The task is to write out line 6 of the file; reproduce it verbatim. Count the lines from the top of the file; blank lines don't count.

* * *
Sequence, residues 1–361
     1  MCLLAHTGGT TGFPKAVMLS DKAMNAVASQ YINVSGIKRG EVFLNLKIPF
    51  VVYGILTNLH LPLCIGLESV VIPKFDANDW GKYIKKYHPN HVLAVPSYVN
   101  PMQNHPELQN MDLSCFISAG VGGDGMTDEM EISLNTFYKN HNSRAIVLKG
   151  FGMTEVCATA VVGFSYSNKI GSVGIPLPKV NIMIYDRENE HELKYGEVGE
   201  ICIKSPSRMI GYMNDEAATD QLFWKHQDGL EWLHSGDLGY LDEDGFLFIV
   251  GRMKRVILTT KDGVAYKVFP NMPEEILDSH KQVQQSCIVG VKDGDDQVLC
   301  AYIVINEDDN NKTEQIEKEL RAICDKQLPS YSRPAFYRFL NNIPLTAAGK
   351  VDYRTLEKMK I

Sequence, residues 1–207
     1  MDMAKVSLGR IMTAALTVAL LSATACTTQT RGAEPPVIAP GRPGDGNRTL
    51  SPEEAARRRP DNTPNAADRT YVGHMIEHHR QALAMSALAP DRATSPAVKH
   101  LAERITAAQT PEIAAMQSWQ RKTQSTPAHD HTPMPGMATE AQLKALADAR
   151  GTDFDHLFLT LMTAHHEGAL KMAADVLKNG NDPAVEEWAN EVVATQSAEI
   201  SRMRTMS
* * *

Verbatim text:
   201  ICIKSPSRMI GYMNDEAATD QLFWKHQDGL EWLHSGDLGY LDEDGFLFIV